What is the (likely) origin of the popular usage of the phase "What could go wrong?" or "What could possibly go wrong?" as a theatrical plot device or ironic commentary? Does this usage pre-date or post-date Murphy's Law?
The earliest use I have found of the phrase in this premonitory sense is the following dialogue, which occurs on pages 88-9 of Matilda Mary Pollard’s Cora: Three Years of a Girl’s Life (n.d., but the Bodleian Library stamp reads December 1882):
“What could I do better for you and my children? I have a hundred and seventy shares in the bank now, and it pays splendid dividends. The capital is enormous. Henderson showed me a draft of the last balance-sheet this very evening. [...] Only think! the cautious, canny Scotchman, Tomson, has promised to take twenty shares in the bank himself.”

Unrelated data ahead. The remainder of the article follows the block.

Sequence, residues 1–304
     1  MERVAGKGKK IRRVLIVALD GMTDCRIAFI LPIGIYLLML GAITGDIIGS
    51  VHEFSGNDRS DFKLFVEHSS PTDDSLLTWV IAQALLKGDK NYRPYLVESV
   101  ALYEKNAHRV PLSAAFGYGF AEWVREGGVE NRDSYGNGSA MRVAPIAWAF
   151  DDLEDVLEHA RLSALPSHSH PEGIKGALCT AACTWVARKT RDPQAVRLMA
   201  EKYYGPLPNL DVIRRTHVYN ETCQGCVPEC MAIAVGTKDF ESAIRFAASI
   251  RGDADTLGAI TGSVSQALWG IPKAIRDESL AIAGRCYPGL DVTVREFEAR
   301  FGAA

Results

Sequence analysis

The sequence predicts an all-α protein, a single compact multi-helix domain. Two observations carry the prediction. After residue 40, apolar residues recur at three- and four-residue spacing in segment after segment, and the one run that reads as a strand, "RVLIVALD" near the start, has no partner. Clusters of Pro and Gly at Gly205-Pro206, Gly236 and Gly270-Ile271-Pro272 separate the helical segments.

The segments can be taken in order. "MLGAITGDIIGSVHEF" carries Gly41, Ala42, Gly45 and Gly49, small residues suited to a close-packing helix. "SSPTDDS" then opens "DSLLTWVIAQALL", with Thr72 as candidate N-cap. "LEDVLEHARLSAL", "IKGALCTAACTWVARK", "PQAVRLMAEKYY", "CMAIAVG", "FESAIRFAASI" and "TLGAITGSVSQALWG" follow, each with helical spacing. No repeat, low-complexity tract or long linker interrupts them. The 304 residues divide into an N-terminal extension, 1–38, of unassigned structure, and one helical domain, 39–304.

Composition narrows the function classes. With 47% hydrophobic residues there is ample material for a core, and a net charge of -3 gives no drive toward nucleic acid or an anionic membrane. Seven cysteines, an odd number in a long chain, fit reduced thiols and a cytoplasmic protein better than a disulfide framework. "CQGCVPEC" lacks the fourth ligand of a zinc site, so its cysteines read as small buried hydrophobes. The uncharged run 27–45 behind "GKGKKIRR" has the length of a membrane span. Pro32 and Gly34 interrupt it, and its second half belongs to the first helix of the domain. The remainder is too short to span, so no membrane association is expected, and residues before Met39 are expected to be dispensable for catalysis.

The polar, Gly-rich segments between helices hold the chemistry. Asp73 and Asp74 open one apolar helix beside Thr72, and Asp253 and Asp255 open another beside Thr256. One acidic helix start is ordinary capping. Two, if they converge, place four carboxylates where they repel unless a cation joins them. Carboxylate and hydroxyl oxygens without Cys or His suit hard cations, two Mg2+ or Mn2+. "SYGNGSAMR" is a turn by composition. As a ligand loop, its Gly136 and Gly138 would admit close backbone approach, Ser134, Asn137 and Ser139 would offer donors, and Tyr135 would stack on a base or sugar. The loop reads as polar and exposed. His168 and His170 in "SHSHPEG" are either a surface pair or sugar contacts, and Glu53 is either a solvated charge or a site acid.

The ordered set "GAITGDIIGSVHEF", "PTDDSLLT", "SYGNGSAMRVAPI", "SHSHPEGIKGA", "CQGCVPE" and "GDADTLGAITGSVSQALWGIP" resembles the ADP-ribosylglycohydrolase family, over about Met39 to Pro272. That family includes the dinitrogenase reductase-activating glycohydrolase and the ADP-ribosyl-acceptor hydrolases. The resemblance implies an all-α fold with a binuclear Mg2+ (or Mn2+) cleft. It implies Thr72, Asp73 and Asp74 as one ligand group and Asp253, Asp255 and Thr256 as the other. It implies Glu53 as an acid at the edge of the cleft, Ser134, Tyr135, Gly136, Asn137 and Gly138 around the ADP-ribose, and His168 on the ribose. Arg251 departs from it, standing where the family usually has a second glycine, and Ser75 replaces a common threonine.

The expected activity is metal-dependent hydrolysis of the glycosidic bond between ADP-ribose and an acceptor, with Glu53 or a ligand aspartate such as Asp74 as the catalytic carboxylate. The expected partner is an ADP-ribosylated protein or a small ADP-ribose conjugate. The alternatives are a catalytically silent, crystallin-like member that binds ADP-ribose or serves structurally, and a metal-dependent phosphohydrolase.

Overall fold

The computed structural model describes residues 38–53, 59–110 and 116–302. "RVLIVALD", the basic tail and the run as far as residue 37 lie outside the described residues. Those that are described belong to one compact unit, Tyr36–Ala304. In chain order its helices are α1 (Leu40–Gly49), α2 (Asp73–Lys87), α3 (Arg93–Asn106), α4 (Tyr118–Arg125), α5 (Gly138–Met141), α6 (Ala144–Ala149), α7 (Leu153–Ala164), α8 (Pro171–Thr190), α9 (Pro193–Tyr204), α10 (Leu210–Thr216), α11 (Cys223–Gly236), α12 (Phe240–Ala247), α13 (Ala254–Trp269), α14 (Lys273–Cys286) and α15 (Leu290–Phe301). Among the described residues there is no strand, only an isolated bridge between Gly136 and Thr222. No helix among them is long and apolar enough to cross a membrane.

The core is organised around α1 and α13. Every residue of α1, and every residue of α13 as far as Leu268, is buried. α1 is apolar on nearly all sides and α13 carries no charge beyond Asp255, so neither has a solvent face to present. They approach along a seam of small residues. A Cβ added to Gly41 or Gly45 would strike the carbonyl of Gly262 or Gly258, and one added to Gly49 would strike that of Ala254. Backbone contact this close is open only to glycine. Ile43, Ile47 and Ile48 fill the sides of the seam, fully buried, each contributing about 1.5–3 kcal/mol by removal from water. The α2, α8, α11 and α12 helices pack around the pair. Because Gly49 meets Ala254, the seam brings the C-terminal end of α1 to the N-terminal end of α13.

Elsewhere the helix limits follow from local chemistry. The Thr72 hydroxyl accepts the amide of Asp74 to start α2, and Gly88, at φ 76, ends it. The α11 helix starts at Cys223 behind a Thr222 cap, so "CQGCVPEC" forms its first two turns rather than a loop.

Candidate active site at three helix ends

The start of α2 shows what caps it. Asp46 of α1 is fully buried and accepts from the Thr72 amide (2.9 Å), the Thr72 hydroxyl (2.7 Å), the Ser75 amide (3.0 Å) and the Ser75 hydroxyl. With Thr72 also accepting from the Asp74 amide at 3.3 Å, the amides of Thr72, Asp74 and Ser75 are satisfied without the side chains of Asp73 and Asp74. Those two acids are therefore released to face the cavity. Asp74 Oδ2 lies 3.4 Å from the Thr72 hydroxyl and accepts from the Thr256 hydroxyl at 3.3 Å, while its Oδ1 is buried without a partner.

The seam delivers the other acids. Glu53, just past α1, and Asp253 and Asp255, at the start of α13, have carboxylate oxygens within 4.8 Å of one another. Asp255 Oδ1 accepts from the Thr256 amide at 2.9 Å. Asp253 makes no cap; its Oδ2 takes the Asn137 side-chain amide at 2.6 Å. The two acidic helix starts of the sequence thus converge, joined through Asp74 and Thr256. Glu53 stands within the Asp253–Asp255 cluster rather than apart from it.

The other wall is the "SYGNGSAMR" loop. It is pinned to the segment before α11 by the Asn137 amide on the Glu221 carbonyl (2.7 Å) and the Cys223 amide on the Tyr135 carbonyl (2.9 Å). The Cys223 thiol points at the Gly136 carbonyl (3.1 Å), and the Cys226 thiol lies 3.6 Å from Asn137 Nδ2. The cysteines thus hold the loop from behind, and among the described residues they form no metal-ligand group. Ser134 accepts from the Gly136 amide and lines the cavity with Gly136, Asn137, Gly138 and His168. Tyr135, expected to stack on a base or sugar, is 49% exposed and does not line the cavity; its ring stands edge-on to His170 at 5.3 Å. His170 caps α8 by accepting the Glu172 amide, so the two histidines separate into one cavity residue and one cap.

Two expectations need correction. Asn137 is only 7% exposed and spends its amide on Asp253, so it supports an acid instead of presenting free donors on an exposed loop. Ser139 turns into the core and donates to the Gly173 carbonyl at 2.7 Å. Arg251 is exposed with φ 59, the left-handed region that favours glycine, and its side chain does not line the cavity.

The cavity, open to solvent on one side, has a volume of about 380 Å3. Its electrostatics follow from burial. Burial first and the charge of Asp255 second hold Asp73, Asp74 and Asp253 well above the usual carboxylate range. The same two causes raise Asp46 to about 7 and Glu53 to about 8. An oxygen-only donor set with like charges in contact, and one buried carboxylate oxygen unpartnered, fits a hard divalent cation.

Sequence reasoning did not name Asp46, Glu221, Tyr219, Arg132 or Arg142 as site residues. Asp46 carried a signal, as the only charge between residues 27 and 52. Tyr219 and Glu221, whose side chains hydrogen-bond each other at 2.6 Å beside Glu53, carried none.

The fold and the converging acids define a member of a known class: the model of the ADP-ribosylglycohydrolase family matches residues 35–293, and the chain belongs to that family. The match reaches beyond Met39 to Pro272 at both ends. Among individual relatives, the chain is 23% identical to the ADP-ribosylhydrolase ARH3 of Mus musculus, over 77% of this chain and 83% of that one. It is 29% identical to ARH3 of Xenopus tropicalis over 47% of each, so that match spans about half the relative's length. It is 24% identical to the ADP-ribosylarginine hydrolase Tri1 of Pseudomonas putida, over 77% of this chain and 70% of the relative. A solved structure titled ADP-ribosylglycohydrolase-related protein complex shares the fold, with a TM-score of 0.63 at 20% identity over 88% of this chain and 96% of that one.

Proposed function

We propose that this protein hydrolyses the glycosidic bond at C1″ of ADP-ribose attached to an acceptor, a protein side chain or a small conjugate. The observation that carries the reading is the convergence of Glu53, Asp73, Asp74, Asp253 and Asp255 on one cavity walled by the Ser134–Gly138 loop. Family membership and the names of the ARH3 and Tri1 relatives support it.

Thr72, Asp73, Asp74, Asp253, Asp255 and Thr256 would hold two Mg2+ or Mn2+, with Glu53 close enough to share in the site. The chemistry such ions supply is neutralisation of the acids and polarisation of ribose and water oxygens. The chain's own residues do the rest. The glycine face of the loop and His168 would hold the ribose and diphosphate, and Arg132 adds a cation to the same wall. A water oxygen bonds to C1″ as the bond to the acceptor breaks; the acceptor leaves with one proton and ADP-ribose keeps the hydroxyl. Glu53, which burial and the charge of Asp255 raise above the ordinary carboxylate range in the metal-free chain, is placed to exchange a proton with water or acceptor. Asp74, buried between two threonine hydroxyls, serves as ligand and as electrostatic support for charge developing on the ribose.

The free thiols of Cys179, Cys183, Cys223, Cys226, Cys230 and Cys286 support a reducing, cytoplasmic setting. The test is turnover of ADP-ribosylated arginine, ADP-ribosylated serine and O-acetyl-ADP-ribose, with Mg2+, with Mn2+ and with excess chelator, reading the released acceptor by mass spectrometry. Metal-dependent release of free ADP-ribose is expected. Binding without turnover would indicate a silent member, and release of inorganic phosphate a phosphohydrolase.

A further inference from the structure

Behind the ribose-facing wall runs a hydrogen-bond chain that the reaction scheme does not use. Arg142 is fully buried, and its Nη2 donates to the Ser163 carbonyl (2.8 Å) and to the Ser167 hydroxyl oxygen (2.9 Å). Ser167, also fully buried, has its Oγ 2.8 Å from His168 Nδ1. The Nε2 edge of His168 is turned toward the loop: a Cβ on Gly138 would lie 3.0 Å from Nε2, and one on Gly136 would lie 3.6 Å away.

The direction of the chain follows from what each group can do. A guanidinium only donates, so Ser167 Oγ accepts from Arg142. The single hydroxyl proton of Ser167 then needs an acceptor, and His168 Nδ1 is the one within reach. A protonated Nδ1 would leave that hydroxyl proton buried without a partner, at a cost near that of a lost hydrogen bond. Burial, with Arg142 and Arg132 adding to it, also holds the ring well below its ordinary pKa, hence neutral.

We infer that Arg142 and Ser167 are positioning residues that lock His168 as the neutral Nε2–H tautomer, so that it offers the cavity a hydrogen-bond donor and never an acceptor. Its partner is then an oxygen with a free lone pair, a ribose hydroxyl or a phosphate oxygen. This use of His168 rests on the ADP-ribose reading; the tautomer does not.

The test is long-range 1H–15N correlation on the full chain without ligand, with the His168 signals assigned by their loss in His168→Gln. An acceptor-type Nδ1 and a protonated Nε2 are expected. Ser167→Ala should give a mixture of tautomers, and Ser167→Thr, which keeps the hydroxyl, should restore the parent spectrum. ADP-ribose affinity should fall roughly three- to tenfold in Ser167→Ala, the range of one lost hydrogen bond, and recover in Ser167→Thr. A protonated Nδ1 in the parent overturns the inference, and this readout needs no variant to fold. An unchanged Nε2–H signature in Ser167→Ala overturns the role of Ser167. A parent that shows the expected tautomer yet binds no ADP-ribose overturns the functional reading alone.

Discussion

”Oh, I am so sorry! What would become of him, poor man, if anything went wrong? He has nine helpless children depending on him!” exclaimed said Mrs. Burges, with a look of alarm and a tone of intense anxiety.
“What could possibly go wrong in a flourishing concern like the Brixleigh Bank? My dear, you are too fond of conjuring up imaginary evils.”
It will hardly surprise you to learn that three years later, on page 186, it is revealed that Mr. Burges has died of the shock of
“that smash of Henderson’s bank—Henderson of Longfleet Hall. ‘Longfirm’ it ought to have been called, for it was all kept up by other people’s money—a gigantic fraud, that’s what it was!”
But the idea of course is much older. It is to be found, with the same cast but reversed roles, in Shakespeare:
Macbeth If we ſhould faile?
Lady Macbeth We faile?
But ſcrew your courage to the ſticking place,
And wee’le not fayle
I trust we all know what came of that.